Gravirinth changelog


Unstable gravity fields

Whenever two blocks of different gravities would fall towards the same point, an unstable local gravity field appears, and stays there until after the potential collision is resolved.

This was the last piece to be added to the tutorial area, which is now complete.


Inter-level navigation

A system to allow speedy transitions between levels was created, dubbed the highway. Once a level is solved, you may extend the the highway up to that point, so you can shuttle back and forth between the main atrium and the last unsolved level in each area.



The game starts with a mysterious introductory scene.


Game speed-up

Significant game lag was traced back to two sources:

  • Scaling with map size: animation execution was restricted to the field of view.
  • Split rules: where some display elements had a fixed size of n units, n rules were consolidated into a single one.

Gravirinth now runs super smoothly.


Dialog system

A basic dialog console was made. This will introduce new story elements, names of areas, hints, without breaking the action flow.

4px Font

A minimalist uppercase 4 by 4 pixel font was designed to fit the dialog console. Trickiest character: M!



A move counter and inventory were added to the new bottom display line. Now perfecionist puzzlers will be able to minimise the number of moves and the explorers may easily know how many fourfold orbs they discovered.

There is no pressure to do everything right the first time, as resetting to a previous checkpoint erases the elapsed moves. However, collecting a fourfold orb creates a new checkpoint, so to then undoing would be the only way to return to a previous state.

Naturally, both types of achievements will be displayed at the Hall of Fame.


Gravirinth's cover page is now live.


Cover page

Gravirinth's cover page completed, with a preliminary storyline and animated tutorial instructions.


Price timeline

To reward those who support the game earlier, the price could vary continuously until the release date. But simpler is better so a flat 20% discount on a 2.5G price (reduced to a plain 2G) seems more appropriate. There are other good indie puzzle games priced similarly so this price should capture the value of a couple hours of intellectual stimulation.

Integration with payment platforms

A basic payment infrastructure was set up. This is likely to improve in the future.


Why paid?

Meaning. When someone decides to pay, it means something special is received in return.

Learning. Making a paid game requires a broader set set of skills (marketing, communication, processing payments, taxes, etc...) than required for free games. My primary goal with this project is to learn these broader skills in practice!

What if I don't want to pay?

That's ok! You can still enjoy all free games!



After some iteration, Gravirinth's name was chosen! I'm happy with this choice, which reflects the character of the game: finding your way through a labirinth by manipulating gravity.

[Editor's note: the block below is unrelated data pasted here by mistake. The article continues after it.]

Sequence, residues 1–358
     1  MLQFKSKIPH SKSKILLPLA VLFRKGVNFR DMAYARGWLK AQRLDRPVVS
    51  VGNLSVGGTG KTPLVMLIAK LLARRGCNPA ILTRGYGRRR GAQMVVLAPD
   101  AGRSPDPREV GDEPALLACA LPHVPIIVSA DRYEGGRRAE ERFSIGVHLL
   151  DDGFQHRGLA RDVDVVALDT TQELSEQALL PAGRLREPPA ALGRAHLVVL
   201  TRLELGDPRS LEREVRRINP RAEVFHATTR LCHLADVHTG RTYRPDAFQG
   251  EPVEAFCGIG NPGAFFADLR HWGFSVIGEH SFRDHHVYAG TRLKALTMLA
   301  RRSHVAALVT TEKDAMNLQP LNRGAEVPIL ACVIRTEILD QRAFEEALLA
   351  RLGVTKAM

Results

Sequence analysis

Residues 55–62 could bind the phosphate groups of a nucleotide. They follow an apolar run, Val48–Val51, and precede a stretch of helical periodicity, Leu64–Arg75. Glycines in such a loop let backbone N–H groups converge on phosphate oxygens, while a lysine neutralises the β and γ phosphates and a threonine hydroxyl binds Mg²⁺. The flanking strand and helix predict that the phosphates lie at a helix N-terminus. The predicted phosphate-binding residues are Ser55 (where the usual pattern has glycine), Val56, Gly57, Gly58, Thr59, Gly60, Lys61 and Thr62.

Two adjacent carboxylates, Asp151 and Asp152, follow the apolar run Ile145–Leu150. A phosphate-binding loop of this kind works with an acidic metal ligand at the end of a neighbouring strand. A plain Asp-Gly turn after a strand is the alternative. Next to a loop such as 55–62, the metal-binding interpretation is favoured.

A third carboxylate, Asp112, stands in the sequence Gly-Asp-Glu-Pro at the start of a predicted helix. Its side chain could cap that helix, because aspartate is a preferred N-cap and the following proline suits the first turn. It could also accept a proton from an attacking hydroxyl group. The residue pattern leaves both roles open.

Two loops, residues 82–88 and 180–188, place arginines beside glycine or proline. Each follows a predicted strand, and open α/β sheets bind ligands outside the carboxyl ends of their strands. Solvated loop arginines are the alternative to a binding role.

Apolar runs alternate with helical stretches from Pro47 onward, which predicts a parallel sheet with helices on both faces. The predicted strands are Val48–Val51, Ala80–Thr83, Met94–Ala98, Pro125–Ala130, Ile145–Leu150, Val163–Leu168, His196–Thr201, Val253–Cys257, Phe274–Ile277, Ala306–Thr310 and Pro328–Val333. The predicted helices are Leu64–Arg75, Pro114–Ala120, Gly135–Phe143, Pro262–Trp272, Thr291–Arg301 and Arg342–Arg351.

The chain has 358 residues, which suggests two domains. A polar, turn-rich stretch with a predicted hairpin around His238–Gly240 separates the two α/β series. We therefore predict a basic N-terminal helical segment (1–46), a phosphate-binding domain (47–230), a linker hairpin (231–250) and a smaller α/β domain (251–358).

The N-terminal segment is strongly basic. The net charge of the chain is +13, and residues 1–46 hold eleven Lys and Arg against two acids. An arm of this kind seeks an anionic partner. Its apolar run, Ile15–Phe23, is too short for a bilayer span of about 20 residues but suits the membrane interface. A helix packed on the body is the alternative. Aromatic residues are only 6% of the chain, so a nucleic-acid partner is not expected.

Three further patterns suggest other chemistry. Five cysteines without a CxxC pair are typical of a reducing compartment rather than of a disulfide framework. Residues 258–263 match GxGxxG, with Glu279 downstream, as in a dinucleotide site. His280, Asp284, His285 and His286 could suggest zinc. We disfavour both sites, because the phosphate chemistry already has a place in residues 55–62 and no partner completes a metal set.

Names that didn't make the cut failed mostly for being non-unique (searching for them yields too many results) or not specially interesting. For instance names such as "Gravity Brothers" or "Proper Gravity" fell into the former case, while "Gravicrate" or "Gravitalt" fell into the latter.


Logo design

Gravirinth's logo is born! The main goals were that it be easily readable and typographically interesting:

  • almost all letters are contiguous and represent a labyrinth;
  • the detached "v" symbolises a gravity beacon, so the line below doubles as a labyrinth wall;
  • the large dots over the "i"s represent the elusive fourfold orbs.

The logo was animated, then etched onto a Gravirinth wall, whose shifting symbols and surrounding perpetual loop were added for decoration. This animated version will be displayed at the cover page.


Interactive tutorial

The tutorial area of the world map was designed. In the first stages, the player shouldn't have much choice, since the goal is to learn all the rules in the simplest possible way. In the last stages, while play remains linear, the solutions are not direct, making the learning process more enjoyable.

This tutorial area should be self-explanatory, without text, so that players anywhere in the world learn easily. Optional helping points may be added later!


World map sketch

The world map was divided in five areas: a initial tutorial area, linked to the main atrium. From here one may enter the area codenamed the tower which is traversed linearly (with increasing difficulty) and another area dubbed the catacombs which branches to a shallow depth and contains harder chllenges. A last area called the core which will be central to winning the game, a puzzle equivalent to the "final boss".


Game rules

Although recycling some assets from previous games saved some time, it still took a while to nail down the final set of rules and to polish the code!

An early idea was to control 4 different agents simultaneously, each with its own gravity direction; soon rejected as too confusing. Alternating control across all 4 agents cleared the confusion, but wasn't very compelling either. So I tried a single agent and introduced the gravity beacons to change gravity. When applying the beacons to the crates as well I instantly realised that a very cool game awaited creation.


Colour system

A coulour palette was devised using purple as the primary background colour. Why purple? To be different from previous games.

Contrasting with purple, four secondary colours were assigned to each of the four directions:

  1. Left - Pink
  2. Up - Yellow
  3. Right - Beige
  4. Down - Orange

Then each of the five colours earned five shades: very light, light, medium, dark and very dark.

Rate this Post!